ISSUES, NEWS, & GOINGS ON
Rumors – p. 1
From Your Editor – p. 6
Letters to the Editor – p. 6
Deadlines – p. 6
Efficiency, Automation and the Continued Evolution of Collection Development
Guest Editors, Ashley Fast and Doug Way
Efficiency, Automation and the Continued Evolution of Collection Development p.1 by Ashley Fast and Doug Way — This issue sheds light on what libraries and vendors are doing today and will inspire others to look for ways to streamline practices in the future.
Embracing Automation for Monograph Acquisition p. 14 by Denise Koufogiannakis — Denise provides an overview of her universities’ move from selector-based collection development to a more automated and centralized approach.
How to Use Data and Assessment to Automate Collections Workflows and Decisions p. 16 by Daniel M. Dollar — Explores the use of data and assessment in automating collections workflows.
Progress and Pitfalls in Consortial eBook Acquisitions: The Orbis Cascade Alliance Experience p. 17 by Abigail Bibee, Andrea Langhurst Eickholt and Jesse Holden — We look at how several libraries from the Orbis Cascade Alliance are better integrating eBooks into their workflows.
A Case Study: Integration of eBook Packages into Selection Workflows at a Research University p. 20 by Jenny Hudson — This is a vendor perspective on working with libraries on electronic content and monographic workflow.
Doing More with Less, Revisited: Batch Processing, Outsourcing and Data Driven Curation, Five Years Later p. 21 by Jeffrey Daniels and Patrick Roth — They have discovered that outsourcing or batch processing common technical services tasks is a clear time saver.
Library Serials Vendor Relationships: The Human Element p. 24 by Barbara Albee — A vendor perspective on how library vendors work with libraries to streamline technical services and serials workflows.
Op Ed — Open Access: Misconceptions and Misdirections p. 36 by David Stern — David offers a radical Gatekeeper distribution and peer review process that would reduce costs by creating separately supported methods of distribution and peer review. This Gatekeeper model starts with a qualified and society-appointed Gatekeeper discipline expert who serves as an initial junk filter before submissions are entered into a free document repository.
Back Talk -“Alive, Alive-oh!” The Widening Reach of Library Publishing p. 78 by Ann Okerson — This is about the successful two-day Dublin IFLA Library Publishing Special Interest Group conference/workshop.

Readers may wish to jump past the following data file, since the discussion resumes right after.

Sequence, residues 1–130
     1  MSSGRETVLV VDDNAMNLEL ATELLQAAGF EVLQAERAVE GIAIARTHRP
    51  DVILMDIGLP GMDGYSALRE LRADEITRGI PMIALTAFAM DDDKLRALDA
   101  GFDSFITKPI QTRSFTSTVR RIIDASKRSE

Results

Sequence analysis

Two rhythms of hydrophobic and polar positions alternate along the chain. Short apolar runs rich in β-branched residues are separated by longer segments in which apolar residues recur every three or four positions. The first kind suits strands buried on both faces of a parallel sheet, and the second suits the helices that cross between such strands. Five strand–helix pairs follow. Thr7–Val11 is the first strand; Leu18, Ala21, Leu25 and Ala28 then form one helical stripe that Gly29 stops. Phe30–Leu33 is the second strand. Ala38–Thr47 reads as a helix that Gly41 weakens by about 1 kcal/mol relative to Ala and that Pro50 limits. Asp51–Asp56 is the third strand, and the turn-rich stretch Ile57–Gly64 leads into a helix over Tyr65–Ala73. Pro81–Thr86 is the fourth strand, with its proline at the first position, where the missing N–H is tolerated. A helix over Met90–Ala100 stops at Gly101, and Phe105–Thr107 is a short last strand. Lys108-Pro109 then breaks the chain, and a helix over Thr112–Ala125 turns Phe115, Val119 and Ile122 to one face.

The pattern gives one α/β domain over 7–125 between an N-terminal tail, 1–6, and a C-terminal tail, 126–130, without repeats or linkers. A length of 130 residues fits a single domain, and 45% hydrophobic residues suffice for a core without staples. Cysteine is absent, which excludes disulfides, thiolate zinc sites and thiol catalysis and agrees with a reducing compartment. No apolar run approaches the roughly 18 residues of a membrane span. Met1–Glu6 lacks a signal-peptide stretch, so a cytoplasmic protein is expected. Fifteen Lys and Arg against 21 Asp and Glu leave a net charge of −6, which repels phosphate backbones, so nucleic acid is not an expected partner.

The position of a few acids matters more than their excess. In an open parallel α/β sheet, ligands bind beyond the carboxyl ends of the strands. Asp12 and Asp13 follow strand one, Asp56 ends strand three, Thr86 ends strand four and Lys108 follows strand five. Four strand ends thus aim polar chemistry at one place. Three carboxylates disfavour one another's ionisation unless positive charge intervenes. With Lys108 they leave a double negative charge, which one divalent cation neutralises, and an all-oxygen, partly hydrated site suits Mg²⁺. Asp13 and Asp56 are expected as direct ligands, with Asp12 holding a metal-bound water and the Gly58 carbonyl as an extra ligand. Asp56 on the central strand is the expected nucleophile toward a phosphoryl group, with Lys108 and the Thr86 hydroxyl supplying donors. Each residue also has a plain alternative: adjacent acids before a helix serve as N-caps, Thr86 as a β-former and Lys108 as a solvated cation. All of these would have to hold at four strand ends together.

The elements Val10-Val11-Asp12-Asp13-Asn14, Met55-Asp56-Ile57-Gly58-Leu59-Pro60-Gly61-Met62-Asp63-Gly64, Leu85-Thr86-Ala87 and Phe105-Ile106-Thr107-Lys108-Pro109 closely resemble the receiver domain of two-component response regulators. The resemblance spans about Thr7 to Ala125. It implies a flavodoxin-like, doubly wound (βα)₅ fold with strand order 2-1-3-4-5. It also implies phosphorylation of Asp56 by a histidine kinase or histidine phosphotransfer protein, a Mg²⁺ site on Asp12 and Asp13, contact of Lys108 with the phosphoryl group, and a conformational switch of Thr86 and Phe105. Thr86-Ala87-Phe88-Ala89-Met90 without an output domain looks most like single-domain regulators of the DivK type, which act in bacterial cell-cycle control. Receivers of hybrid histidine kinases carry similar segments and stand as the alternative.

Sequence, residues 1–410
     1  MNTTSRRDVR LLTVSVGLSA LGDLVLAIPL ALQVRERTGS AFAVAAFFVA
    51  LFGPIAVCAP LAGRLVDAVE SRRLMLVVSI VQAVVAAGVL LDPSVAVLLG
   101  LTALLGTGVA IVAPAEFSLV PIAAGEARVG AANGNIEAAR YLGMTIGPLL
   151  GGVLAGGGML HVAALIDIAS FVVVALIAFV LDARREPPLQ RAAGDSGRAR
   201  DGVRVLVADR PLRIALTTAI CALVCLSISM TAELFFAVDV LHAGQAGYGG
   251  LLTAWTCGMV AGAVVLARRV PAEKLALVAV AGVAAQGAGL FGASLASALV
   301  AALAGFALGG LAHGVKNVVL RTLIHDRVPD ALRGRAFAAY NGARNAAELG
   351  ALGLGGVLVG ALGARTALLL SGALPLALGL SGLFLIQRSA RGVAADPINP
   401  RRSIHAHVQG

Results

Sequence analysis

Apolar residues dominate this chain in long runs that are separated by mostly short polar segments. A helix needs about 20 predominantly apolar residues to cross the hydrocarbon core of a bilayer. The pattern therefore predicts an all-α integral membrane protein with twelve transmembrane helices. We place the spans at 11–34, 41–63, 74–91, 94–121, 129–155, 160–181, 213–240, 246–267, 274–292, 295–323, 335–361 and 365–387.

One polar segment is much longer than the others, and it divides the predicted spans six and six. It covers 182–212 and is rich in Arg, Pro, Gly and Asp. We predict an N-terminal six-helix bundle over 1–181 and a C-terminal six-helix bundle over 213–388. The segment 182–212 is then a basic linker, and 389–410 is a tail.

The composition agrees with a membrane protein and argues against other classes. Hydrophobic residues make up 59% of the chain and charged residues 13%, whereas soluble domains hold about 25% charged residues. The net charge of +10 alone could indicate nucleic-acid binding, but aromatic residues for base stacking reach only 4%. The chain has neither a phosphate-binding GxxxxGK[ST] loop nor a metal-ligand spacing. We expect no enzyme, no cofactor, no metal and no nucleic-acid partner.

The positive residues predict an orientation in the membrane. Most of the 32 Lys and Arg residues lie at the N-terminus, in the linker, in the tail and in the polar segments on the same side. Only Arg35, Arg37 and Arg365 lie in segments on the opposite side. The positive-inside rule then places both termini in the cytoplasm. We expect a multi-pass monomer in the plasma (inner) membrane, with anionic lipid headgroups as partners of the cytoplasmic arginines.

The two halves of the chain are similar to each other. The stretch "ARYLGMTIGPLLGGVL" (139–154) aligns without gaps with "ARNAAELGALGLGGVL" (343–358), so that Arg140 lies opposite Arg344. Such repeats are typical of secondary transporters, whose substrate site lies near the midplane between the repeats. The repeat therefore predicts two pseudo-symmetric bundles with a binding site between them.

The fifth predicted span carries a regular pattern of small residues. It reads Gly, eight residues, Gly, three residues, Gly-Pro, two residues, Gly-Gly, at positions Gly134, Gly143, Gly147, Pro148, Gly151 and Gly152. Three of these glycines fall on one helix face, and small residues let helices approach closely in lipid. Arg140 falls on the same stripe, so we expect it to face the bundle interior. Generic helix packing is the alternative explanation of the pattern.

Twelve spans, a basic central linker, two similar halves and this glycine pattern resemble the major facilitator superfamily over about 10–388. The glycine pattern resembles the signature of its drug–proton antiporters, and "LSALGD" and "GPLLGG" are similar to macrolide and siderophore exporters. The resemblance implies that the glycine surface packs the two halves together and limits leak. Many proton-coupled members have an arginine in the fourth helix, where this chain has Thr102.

ATG INTERVIEWS & PROFILES
Blurring Lines p. 44 An Interview with Steven J. Bell, Associate University Librarian for Research and Instructional Services, Temple University.
Profiles Encouraged p. 75 This time we have people profiles from Maria Bonn and Kaetrena Davis Kendrick as well as library profiles for each of their universities.
Booklover p. 25 One Day by Donna Jacobs — Despite her apprehensions, Donna has selected One Day in the Life of Ivan Denisovich.
Collecting to the Core- Primary Sources in African History p.26 by Araba Dawson-Andoh — This column highlights monographic works that are essential to the academic library within a particular discipline. Disciplinary trends may shift, but some classics never go out of style.
ATG SPECIAL REPORT
Journal Hemorrhaging: New Titles and the Impact on Libraries p. 63 by Daniel S. Dotson — This paper examines the output of new journal titles over the years 2008-2017 with specific criteria.
Edited by Bruce Strauch and Jack Montgomery
Legally Speaking- ResearchGate Challenges Academic Copyright by Anthony Paganelli p. 38— There are plenty of legal issues in making author works available through platforms like ResearchGate, Sci-Hub, etc. Anthony points out that generally the authors of the papers are not involved in decisions nor are they compensated.
Cases of Note-Disparaging Trademarks Are Free Speech p. 39 by Bruce Strauch — Matal, Interim Dir. U.S. Patent and Trademark Office v. Tam.